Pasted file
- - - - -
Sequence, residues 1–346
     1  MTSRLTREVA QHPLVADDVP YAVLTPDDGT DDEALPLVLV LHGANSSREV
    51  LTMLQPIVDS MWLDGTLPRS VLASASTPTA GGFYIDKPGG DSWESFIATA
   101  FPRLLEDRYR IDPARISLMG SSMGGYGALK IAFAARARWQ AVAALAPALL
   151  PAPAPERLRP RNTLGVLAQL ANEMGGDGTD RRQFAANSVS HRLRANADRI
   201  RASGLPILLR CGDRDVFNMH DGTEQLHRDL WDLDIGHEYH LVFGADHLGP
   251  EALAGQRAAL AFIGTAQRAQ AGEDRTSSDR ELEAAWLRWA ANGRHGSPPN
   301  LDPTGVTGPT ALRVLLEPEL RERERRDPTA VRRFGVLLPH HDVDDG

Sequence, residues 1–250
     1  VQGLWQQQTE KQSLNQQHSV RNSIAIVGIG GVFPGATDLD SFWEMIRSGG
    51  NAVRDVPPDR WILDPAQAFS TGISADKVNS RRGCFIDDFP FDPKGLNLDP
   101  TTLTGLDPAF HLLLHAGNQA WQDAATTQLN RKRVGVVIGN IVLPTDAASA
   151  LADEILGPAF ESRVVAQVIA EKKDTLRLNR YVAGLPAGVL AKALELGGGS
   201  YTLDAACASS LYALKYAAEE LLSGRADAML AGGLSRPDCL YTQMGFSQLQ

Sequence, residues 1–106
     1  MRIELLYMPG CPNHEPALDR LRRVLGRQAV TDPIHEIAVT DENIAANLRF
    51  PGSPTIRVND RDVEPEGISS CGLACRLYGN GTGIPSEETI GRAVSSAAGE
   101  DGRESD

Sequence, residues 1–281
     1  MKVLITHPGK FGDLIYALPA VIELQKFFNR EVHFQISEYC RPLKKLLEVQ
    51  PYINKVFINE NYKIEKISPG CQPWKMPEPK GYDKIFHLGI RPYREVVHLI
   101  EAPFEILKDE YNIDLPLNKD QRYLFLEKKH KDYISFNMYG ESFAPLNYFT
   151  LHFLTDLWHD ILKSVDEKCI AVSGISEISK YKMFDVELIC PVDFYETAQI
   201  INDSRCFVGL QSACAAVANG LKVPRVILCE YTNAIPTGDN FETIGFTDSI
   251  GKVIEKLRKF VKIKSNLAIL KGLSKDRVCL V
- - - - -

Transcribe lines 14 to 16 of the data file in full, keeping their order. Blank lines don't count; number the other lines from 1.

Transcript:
   201  YTLDAACASS LYALKYAAEE LLSGRADAML AGGLSRPDCL YTQMGFSQLQ

Sequence, residues 1–106
     1  MRIELLYMPG CPNHEPALDR LRRVLGRQAV TDPIHEIAVT DENIAANLRF